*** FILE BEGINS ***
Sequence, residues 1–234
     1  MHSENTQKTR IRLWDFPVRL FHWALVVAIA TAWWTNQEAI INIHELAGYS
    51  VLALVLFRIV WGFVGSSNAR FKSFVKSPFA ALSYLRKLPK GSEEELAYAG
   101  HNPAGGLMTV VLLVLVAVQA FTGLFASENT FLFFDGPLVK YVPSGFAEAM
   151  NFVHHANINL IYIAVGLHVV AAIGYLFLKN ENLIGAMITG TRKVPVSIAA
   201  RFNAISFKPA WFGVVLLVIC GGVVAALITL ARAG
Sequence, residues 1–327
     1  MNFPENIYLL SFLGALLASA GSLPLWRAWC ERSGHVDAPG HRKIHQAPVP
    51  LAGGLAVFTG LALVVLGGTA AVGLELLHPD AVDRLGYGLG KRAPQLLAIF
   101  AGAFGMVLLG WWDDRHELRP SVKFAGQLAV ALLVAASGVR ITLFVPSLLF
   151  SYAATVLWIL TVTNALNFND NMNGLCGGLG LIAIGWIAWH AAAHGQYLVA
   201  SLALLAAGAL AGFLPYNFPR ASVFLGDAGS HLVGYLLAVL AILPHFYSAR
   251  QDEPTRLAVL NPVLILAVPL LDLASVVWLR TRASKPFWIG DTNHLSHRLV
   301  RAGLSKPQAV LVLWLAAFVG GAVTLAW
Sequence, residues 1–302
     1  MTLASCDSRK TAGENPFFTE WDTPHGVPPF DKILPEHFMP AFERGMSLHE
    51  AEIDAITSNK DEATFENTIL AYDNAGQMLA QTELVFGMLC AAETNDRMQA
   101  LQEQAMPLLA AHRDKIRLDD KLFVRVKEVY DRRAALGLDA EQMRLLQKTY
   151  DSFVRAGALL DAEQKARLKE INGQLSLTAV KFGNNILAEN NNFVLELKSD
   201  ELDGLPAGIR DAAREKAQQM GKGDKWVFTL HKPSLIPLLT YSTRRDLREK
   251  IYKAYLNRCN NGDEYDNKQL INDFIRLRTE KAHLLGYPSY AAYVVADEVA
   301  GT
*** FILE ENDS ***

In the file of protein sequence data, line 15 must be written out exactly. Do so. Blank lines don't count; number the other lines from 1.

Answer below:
Sequence, residues 1–302